Tier 5: What are the Obligations of OEMs?

Tier 5 legislation concerning agricultural and non-road vehicle emission levels (NRMM), came into force on January 1st. To keep a fleet up to spec, these are rules which must be adhered to. Here are some useful points for OEMs.

by Alma Castiglioni

On January 1st 2019, Tier 5 became a legal stipulation, this is the adoption of European law 2016/1628 (*). This legislation becomes obligatory for tractors and non-road vehicles (NRMM non-road Mobile Machinery) on the market. There is still the chance to take advantage of the transitional period as previously manufactured vehicles come onto the market but from this year, new production must respect the limits set by the Tier V law. Looking at the situation in detail, here are some of the challenges manufacturers could face:

What power reference determines an engine’s emissions category?
The reference power for engines of variable speed is defined as its maximum power on the nominal power curve with full load, in other words, the maximum power according to the ECE R120 rule, equivalent to ISO 14396. Should there be more than one power curve, the highest one is the reference irrespective of the commercially used power description from the OEM.
For most constant speed engine categories, the reference is the nominal power as defined by the constructor. In such a case, maximum power cannot exceed nominal power by more than 12.5%.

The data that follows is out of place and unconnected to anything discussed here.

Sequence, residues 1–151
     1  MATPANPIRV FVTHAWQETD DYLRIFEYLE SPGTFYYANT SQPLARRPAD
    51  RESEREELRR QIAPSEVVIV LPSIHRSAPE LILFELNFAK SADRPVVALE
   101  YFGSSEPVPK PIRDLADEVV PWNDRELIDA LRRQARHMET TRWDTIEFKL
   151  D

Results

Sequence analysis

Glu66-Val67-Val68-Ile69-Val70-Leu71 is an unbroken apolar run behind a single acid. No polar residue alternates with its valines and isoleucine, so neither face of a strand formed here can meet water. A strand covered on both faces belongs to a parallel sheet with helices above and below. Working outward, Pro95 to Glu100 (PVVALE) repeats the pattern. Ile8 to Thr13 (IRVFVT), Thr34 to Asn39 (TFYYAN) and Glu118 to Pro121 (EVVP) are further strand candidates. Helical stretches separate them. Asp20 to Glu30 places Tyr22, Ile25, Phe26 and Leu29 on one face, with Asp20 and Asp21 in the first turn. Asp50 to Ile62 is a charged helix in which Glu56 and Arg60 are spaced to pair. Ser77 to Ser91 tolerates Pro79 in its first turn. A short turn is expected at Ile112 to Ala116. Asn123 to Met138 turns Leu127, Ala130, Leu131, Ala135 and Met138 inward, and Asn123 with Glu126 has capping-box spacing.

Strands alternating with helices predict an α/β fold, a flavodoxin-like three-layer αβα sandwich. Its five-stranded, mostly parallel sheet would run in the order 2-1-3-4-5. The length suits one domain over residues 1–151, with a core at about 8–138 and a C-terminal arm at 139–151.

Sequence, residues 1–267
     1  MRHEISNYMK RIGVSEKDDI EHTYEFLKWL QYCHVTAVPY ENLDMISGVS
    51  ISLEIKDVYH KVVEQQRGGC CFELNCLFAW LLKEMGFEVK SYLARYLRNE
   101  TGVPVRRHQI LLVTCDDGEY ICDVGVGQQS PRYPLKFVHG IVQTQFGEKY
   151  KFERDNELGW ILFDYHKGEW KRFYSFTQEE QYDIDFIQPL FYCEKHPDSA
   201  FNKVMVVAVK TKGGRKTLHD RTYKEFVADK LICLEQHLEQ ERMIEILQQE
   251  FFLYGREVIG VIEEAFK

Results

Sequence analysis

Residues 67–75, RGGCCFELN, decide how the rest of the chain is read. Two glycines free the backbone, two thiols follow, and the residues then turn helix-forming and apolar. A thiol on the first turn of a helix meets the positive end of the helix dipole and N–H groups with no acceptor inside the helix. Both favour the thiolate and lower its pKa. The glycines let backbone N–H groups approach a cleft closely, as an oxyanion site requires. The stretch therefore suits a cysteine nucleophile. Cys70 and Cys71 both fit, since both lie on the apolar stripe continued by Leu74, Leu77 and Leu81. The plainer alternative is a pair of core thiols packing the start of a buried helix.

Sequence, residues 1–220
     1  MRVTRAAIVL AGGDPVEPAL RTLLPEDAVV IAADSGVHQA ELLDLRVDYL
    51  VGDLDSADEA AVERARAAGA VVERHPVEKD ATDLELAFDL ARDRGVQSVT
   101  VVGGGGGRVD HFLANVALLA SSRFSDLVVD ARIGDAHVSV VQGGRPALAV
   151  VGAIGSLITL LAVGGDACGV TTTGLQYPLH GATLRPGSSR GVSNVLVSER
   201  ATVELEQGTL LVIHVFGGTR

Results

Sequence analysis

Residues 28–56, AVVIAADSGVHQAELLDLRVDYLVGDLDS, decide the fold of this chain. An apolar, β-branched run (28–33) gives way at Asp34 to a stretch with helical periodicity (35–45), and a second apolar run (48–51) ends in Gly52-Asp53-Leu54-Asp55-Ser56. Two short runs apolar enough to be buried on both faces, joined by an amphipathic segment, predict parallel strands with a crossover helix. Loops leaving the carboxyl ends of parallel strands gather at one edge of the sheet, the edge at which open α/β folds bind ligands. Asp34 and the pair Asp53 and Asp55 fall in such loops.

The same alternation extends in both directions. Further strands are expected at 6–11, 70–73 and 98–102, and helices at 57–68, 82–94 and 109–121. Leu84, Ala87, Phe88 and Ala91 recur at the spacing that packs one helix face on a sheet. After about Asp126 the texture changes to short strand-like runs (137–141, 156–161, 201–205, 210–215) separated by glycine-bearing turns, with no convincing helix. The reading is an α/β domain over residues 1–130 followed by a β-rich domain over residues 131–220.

Is it still possible to continue producing engines under pre Tier V stipulations in the EU?
Another question manufacturers are posing is that of continuing to manufacture vehicles under pre-Tier V conditions for the EU market. This is not allowed. There is, however, a transition period for tractors and non-road mobile vehicles using engines with pre Tier V specification.

What obligations for constructors following the new legislation
Let’s take a look at the obligations vehicle manufacturers have. Firstly, OEMs cannot put non Tier V conformity vehicles on the market, unless this should be under specifically agreed exceptional circumstances.
They are also held to follow all instructions given by the engine producer in order that following installation, all legislative requirements have been met for that particular vehicle.
They must then evaluate whether the stamp declaring legislative conformity is clearly visible and should it not be, ask the producer to supply another stamp, which can then be clearly displayed on the engine.
Finally, they must include, in the same format and same language as the operative and maintenance manual, essential information for the end user, including:
– any restriction or limitation concerning engine use;
– the pre-requisites for correctly functioning engine maintenance, including post-treatment system, for example, how much urea solution to use, cleaning needs, correction of malfunction arising from such factors;
– information concerning loss of performance where the above malfunctions are not resolved;
– information concerning intentional engine sabotage, its control system and exhaust fume treatment which can render engine approval void (making the end user liable);
– information on correct fuel, that approved for the engine;
– information on the quality of lubrification oil and its substitution cycle;
– CO2 emission levels, together with test cycle data in which such emission levels were ascertained.